A court in Kazakhstan has awarded thousands of dollars in damages against an advertising agency for a poster depicting two male cultural icons kissing. The court hearing the class-action lawsuit brought by 34 people who claimed to be morally offended also required the agency to issue a public apology.

Lawyers sought 34 million tenge (about £116,700) in damages for offence caused by the advertising agency’s poster showing the Russian poet Aleksandr Pushkin kissing Kazakh composer Kurmangazy Sagyrbaiuly. The agency, Havas Worldwide Kazakhstan, submitted the poster for a design competition. The plaintiffs claimed that the poster was ‘unethical’ and offensive to the honour and dignity of both men’s descendants, as well as to all people who respect their art.

‘Kazakhstan’s courts should be fair and impartial when asked to censor the right to free expression just because an image is offensive to some or causes discomfort,’ said Mihra Rittmann, Central Asia researcher at Human Rights Watch. ‘With this punitive ruling, the court has chosen to trample on free speech in Kazakhstan.’ She added that the ruling would have a chilling effect on freedom of expression and creativity in Kazakhstan, condoning homophobia and prejudice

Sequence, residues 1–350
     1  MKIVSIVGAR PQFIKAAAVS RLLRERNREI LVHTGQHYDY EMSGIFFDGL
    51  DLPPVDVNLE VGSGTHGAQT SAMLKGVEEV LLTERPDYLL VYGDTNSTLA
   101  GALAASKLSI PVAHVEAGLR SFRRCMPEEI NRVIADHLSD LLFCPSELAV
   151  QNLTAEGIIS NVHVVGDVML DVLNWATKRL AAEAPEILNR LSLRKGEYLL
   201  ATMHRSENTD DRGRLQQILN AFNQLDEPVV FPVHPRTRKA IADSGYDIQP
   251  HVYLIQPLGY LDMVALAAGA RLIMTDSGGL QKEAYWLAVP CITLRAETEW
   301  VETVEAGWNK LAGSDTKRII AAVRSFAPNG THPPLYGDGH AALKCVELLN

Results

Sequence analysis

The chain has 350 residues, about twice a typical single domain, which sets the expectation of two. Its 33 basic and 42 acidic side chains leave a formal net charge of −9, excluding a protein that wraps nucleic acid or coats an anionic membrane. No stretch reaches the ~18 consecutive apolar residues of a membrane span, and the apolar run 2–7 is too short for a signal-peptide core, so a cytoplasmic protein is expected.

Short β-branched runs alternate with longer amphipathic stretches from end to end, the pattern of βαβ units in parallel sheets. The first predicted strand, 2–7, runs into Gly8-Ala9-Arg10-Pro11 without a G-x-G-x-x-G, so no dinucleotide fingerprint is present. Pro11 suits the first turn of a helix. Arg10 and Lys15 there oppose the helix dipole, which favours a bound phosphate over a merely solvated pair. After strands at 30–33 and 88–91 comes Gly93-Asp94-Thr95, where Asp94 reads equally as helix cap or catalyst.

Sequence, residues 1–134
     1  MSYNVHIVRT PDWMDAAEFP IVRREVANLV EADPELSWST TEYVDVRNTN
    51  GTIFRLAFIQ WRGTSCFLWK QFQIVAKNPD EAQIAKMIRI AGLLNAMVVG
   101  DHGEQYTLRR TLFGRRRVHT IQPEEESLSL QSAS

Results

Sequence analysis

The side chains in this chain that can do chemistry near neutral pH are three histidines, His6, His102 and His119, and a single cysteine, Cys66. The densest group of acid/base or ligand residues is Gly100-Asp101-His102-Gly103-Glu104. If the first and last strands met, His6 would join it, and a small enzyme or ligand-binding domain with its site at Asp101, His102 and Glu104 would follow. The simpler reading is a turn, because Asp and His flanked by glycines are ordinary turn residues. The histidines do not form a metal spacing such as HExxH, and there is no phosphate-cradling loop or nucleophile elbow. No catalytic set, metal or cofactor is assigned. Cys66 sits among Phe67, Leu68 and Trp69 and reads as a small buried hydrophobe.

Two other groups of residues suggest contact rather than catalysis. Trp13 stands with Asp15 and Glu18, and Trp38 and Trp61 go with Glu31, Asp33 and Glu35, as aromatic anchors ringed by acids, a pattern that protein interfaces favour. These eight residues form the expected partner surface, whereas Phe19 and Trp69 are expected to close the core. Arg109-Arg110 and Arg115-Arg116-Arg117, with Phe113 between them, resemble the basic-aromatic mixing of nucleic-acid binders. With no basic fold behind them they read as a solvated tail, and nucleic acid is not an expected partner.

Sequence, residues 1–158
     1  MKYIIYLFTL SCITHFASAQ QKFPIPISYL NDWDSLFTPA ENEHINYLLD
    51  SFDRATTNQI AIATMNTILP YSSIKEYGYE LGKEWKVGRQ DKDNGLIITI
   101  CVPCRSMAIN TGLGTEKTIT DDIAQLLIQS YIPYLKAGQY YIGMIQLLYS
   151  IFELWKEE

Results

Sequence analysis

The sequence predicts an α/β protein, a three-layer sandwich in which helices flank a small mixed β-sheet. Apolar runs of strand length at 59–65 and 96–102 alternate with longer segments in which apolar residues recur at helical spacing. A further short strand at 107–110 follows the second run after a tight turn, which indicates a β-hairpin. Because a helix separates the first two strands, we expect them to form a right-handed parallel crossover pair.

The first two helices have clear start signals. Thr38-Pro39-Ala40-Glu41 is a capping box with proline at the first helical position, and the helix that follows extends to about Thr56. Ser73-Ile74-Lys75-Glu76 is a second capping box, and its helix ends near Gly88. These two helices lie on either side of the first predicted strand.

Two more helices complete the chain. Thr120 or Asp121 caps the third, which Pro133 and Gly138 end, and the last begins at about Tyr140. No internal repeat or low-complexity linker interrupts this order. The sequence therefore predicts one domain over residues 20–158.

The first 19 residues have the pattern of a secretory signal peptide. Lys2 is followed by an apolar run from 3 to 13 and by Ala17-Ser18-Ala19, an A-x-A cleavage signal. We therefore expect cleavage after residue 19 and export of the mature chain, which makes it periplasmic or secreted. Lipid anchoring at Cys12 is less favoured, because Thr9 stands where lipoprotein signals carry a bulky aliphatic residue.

In its ruling the court stated that the poster ‘leaves a lasting, negative impression amongst a large group of people toward the memory of Kurmangazy Sagyrbaiuly,’ and that the amount of 1 million tenge for each plaintiff is ‘proportionate to the harm caused.’

Dariya Khamitzhanova, director of Havas Worldwide Kazakhstan, the advertising agency that was sued, told Human Rights Watch that none of the plaintiffs attended any of the hearings, nor did they respond to her efforts to reach out to them to apologise. She intends to appeal the ruling.